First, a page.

Thinking of the monarchs, it occurs to me that there are two habits of long standing which guide how humans perceive other animals. The first is to ascribe human qualities to the animal in question – to see ourselves in them. The second is to match animal behaviors with behaviors somehow parallel in humans – to see them in ourselves. These are natural urges, I think, sometimes enlightening, and maybe unavoidable. Science, by contrast, wants to see the natural world objectively, as if the thing doing the seeing weren’t human at all but a disembodied eye – the eye, curiously, of scientific impossibility, perhaps the eye of God. But outward properties and symbolic suggestions are hard for us to disentangle.

It may be, of course, that a butterfly is only ever a butterfly. Faith sees Christ in the insect. As a boy of twelve I found the insect in myself, or feared that I might: a chrysalis suspended between the two apparently irreconcilable worlds of childhood and adulthood. I don’t know what to do with these analogues, but I do not want to let go of them. My children today make the same journey my grandparents made. When I look closely enough, with a certain eye, I discover miracles of return in all things. Like the butterflies, we endure our cramped transformations and do not cease to be ourselves.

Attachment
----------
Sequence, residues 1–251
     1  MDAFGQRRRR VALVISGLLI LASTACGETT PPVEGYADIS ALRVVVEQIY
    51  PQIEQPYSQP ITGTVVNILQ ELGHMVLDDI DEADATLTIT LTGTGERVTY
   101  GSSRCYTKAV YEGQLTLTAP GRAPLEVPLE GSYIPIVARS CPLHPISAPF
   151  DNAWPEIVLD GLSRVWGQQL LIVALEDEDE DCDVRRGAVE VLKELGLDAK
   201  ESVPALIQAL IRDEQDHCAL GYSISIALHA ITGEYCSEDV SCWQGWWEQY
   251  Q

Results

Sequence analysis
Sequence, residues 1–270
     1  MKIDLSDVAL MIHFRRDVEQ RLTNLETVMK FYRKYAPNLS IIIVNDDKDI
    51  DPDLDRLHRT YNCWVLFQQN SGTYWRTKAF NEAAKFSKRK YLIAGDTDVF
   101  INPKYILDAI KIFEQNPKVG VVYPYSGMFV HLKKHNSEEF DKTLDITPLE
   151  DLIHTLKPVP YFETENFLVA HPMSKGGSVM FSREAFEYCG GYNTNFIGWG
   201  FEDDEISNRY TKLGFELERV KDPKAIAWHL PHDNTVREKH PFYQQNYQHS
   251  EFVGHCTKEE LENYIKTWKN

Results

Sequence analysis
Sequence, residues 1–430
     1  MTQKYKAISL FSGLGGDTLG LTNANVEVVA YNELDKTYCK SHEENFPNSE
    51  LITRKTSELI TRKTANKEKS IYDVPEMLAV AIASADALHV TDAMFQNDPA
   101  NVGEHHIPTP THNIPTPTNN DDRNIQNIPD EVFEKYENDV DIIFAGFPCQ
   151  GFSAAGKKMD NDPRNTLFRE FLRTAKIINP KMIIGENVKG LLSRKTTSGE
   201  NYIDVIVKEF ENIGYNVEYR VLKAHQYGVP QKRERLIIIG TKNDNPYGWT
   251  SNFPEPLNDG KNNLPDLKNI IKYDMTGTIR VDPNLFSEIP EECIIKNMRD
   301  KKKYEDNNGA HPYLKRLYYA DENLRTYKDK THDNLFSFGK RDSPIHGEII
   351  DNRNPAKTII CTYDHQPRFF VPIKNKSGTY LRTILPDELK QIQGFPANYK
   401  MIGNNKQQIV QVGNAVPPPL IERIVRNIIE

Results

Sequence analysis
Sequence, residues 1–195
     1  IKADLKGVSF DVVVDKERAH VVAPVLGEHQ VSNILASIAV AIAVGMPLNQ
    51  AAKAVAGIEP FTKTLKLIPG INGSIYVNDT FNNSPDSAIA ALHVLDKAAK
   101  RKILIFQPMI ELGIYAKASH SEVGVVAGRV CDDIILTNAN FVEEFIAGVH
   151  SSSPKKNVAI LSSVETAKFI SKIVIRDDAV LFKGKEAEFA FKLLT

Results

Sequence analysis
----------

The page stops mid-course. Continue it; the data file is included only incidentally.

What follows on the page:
Leave a comment

Filed under Misc.